Two French fighter jets based in Yorkshire were involved in a near miss with another aircraft during a multi-national military exercise.
The first Mirage 2000 flew within 100ft of the BN2T Defender, which was on a solo navigation exercise to the north of Islay.
Aware that fast-jets normally operate in formations, the BN2T pilot continued to climb and soon spotted another Mirage which passed above him. He assessed the risk of collision as medium.
The French jets were operating from RAF Leeming in North Yorkshire as part of Exercise Joint Warrior last October. They did not report seeing the BN2T.
A report by the UK Airprox Board, which investigates near misses between aircraft, said: “Overall, this Airprox appears to have occurred due to ineffective lookout from the fast-jet captains and a decision by the BN2T captain to train in a height band routinely used by high-speed traffic.”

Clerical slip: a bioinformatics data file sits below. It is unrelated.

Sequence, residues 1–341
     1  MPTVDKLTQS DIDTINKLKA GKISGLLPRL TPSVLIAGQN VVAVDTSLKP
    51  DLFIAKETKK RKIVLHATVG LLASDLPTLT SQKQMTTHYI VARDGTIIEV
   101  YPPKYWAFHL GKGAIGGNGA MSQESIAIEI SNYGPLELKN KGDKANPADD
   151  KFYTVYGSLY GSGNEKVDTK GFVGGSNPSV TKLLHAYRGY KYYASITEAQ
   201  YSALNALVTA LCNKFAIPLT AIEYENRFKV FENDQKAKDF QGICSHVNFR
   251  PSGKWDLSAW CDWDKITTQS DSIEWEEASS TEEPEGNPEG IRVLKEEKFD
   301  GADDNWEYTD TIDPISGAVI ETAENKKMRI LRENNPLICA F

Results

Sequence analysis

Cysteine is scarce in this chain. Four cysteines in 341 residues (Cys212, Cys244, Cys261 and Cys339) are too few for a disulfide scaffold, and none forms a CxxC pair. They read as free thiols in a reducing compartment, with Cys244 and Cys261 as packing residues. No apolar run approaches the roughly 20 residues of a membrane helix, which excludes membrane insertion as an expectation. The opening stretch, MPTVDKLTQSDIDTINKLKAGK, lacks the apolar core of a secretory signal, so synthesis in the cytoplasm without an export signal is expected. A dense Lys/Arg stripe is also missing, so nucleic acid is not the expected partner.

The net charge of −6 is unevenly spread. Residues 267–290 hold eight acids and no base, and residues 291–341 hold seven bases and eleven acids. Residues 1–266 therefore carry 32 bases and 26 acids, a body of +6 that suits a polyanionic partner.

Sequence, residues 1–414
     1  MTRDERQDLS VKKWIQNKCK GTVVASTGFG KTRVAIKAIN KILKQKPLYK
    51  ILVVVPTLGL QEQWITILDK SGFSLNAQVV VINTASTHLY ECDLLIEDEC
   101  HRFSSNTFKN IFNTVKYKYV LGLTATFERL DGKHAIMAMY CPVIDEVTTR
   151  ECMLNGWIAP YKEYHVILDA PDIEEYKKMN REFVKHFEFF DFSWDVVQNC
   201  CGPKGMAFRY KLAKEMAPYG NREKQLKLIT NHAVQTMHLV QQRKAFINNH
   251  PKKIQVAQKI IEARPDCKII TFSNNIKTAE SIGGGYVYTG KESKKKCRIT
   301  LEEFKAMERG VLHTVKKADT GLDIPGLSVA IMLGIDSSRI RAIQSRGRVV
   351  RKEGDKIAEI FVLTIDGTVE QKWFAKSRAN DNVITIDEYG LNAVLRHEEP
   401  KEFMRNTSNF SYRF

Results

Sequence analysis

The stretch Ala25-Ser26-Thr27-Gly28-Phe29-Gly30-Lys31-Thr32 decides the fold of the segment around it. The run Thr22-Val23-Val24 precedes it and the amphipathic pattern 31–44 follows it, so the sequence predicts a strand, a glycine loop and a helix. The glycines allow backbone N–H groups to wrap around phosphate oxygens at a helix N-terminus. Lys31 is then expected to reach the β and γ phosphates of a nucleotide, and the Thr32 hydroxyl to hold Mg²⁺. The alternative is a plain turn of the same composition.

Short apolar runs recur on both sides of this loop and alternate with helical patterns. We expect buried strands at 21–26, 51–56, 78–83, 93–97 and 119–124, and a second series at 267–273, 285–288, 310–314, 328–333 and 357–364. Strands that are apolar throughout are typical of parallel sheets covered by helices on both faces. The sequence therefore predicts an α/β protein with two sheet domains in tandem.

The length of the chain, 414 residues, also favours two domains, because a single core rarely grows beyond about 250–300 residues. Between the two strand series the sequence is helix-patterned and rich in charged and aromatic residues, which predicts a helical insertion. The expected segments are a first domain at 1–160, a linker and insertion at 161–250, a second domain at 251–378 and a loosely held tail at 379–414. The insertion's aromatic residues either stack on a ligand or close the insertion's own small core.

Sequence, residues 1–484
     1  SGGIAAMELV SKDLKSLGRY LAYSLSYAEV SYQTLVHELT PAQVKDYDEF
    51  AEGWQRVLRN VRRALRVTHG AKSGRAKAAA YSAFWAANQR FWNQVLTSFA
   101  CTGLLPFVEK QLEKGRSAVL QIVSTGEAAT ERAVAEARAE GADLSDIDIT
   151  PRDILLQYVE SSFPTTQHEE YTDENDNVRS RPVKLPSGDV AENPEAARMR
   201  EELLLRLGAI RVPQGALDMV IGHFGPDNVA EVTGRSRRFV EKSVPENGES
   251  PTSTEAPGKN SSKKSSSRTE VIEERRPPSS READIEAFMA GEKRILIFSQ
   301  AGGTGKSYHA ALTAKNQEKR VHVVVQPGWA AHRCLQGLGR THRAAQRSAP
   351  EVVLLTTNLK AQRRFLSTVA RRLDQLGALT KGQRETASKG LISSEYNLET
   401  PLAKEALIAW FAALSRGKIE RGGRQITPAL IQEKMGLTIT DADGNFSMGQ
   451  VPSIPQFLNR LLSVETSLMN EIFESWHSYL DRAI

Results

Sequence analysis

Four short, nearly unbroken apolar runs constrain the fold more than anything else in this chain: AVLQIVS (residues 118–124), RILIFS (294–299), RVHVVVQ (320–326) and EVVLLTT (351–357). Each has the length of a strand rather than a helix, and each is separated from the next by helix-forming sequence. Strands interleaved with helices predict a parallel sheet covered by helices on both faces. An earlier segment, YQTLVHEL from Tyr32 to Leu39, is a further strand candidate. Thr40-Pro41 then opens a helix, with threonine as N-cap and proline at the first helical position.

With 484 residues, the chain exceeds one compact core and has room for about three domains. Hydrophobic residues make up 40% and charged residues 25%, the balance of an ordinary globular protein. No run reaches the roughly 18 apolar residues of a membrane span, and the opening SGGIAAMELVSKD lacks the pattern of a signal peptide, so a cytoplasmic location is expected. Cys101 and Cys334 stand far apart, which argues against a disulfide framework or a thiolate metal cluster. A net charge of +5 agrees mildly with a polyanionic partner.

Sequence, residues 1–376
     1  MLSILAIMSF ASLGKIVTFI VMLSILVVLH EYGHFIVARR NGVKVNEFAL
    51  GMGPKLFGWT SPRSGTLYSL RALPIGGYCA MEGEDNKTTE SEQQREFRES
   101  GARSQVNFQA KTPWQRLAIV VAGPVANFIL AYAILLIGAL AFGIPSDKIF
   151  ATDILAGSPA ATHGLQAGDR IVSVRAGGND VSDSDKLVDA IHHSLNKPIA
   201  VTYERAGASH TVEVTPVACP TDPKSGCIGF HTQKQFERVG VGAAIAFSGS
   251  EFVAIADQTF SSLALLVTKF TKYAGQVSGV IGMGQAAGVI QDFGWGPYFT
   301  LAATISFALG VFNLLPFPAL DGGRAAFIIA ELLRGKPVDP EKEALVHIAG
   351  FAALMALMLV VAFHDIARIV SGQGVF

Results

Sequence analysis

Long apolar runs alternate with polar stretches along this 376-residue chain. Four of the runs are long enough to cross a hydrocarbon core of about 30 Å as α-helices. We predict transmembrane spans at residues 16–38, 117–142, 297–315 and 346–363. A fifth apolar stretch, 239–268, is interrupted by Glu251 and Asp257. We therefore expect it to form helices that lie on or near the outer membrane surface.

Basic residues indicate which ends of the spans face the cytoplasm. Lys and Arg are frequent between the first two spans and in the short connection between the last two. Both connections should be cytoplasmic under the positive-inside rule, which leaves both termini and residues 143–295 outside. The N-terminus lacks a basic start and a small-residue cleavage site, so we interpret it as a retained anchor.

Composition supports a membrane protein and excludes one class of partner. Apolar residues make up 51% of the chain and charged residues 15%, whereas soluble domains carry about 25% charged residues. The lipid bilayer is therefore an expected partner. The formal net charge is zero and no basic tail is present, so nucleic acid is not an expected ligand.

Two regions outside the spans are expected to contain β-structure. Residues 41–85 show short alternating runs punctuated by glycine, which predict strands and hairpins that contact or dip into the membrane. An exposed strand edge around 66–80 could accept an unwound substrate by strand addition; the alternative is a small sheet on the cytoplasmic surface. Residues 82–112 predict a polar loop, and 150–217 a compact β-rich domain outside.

The report found the BN2T pilot was receiving a basic service without the aid of surveillance equipment and Scottish flight information.
Just before the near miss he received a Traffic Alert & Collision Avoidance System (TCAS) alert warning him of an aircraft 100ft below him.
He climbed and rolled to the left and saw the Mirage pass around 200ft below him “at high speed”.
The report praised his actions and said he had prevented the “close encounter” from becoming worse.
It said: “With regard to the BN2T’s pilot, the board agreed that his actions following the TCAS alert showed commendable awareness in that, having climbed away from the threat and having seen the first Mirage, he continued searching for the second fast-jet even though he had no indication of its presence.”
However, the board found he might have been better avoiding the area or flying in a different altitude band due to the increase in low-level traffic during the exercise.